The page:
Thursday, December 10, 2015

Bright Whites for Dark Weather

By Liza B. Zimmerman

In the darker, and colder, months of the year there is often nothing as palate-cleansing as a clean and simple white wine. They are delicious whether you are warming your hands by a fireplace or an old radiator in New York City.

Bubbles—across the varietal spectrum—are among the most celebratory choices and super-crisp, high-acidity whites from places such as Northern Italy and Central France aren’t far behind. Intense, citric-driven Spanish whites are also divine with so many foods and those sweet wines are a great way to top-off an evening.

I will never say no to a touch of Billecart-Salmon Champagne at any time of the year. However a good Cava or Prosecco is also just delicious. All these wines can be delightful on their own and great with nuts, cheese Middle Eastern spreads. For fun try a Turkish or Lebanese wine: such at Chateau Musar with the spices in these foods. The bubbles in a heartier Lambrusco are also fantastic, but may be better welcomed after a meal or with a bird cooked in a sweet, fruit-based sauce (like a duck made with apricots or a guinea hen sautéed in a sweet mustard sauce!).

Steely, Bright Whites and Iberian Stunners
I adore the intense flavors of Italian whites particularly from the Northeast corner of Italy: Friuli and the Alto-Adige. Kerner is one my favorite grapes, albeit a fairly esoteric one. The Kofererhof Alto Adige Valle Isarco Kerner is a great example. These wines can take on cream-based soups and rich starting dishes.

Loire Valley whites are also a refreshing way to open an evening, or a meal. Muscadets are among the most affordable, and highly mineral, but sometimes not as crisp and linear as other more-noted Loire wines, such as Pouilly Fume.

Austrian Gruner Veltliners have their racy acidy. I am also a fan of some of the mineral whites of the Campanian Coast of Italy: such as Falanghina and Greco di Tufo. Oregon’s austere Pinot Gris have more in common with their Alsacan counterparts than domestic wines. Many Chilean Sauvignon Blancs and some of those from South Africa are also forces with which to be reckoned.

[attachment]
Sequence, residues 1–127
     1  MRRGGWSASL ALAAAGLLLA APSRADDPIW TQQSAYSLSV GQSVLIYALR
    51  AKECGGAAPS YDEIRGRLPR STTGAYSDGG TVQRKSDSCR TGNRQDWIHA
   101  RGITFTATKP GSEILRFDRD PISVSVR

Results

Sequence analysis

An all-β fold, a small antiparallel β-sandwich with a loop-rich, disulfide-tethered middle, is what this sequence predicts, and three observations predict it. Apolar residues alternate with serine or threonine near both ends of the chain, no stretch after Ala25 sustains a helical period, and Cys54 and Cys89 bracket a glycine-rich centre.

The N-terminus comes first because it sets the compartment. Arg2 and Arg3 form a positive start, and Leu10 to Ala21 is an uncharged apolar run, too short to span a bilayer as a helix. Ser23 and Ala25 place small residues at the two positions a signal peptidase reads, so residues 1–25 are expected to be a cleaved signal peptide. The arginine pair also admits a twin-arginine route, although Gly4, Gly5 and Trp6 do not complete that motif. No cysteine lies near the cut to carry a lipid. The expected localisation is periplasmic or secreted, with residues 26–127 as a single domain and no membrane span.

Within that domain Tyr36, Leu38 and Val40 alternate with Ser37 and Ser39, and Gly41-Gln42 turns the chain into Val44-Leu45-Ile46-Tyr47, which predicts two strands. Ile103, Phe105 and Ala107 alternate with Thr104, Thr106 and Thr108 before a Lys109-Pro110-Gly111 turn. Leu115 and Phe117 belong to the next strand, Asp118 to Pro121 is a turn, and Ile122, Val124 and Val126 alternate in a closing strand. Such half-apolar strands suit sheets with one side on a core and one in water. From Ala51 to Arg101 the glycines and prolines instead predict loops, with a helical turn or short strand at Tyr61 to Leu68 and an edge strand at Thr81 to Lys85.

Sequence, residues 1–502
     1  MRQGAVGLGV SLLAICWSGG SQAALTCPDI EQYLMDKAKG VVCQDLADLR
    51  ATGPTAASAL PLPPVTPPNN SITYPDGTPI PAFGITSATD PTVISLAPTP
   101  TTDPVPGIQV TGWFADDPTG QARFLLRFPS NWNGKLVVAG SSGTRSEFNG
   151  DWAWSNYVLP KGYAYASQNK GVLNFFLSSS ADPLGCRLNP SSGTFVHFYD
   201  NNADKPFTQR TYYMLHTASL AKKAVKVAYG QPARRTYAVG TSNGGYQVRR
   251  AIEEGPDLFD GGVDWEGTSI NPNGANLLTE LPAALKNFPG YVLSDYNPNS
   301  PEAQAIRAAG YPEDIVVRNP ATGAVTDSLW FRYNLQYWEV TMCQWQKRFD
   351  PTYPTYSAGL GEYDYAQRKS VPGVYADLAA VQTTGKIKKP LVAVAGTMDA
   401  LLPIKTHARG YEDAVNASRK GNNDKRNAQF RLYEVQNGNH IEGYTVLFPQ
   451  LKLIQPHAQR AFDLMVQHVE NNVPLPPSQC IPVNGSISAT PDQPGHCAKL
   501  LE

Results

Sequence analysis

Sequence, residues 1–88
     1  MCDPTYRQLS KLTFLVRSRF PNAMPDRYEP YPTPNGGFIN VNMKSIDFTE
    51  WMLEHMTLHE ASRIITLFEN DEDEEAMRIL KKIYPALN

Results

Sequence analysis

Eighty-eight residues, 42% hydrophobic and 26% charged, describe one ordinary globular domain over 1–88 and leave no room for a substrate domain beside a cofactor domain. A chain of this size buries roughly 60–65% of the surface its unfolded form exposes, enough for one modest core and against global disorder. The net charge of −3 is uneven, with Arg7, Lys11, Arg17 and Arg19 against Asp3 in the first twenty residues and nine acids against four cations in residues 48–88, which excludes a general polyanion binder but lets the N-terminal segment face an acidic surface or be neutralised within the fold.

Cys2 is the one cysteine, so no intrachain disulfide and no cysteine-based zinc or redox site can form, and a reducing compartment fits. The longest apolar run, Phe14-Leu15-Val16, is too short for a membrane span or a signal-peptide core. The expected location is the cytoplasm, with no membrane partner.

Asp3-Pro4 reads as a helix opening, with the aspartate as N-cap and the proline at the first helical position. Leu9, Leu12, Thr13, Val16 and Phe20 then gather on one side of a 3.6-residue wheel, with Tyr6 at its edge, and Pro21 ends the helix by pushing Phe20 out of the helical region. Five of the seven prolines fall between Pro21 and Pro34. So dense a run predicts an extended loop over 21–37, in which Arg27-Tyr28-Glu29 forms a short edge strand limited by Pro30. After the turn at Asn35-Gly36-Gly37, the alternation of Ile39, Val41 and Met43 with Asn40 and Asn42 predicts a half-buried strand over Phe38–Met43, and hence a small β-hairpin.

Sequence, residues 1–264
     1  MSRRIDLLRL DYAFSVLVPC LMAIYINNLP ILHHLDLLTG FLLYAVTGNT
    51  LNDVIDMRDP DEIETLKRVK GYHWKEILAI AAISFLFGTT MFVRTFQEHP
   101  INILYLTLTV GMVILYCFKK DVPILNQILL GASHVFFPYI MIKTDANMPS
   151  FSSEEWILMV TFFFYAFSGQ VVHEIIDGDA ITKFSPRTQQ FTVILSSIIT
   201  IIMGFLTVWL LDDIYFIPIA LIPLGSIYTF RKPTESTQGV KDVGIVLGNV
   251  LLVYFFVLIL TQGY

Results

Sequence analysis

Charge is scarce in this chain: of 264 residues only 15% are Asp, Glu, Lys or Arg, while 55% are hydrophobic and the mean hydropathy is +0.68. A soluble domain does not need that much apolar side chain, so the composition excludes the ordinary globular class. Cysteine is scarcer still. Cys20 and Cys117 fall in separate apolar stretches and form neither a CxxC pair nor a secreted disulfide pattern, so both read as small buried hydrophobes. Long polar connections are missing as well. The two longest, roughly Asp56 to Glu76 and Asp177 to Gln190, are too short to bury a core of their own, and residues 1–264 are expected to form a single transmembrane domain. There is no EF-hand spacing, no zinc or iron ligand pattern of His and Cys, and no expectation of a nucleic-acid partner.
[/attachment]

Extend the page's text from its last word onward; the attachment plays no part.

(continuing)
Albariños and Verdejos from Spain and the new world can be stunning. Wines from Gallica, in the north of Spain, hard on the coast, have an incredible minerality. Do Zoe Rias Baixas is a great and affordable example. I would serve these wines with zesty salads—even with vinegar—and even ceviche. It’s an acid-on-acid match off that should work. Wines like these are even refreshing matches with hard cheeses to wrap up your meal. Many reds actually fight with some of cheeses’ elemental flavors because of their tannin structure.

Cheers from DrinkUpNY!

Liza B. Zimmerman has been writing and consulting about wine and food for two decades. She is principal of the San Francisco-based Liza the Wine Chick wine writing, education and consulting firm. She has worked on staff and freelance at national magazines such as Wine Enthusiast, The Magazine of La Cucina Italiana, Wine Spectator, Where SF and the Examiner. She currently contributes to Cheers, Wine Business Monthly and the Examiner, among others.

Zimmerman focuses on demystifying wine and transforming it into a tool for business and networking for companies all over the country. Past clients include Genentech, Roche and IBM.

She has visited all the world’s major wine regions and is one of select few in the U.S. to hold the Diploma of Wine & Spirits (D.W.S.), the three-year precursor to the Master of Wine.

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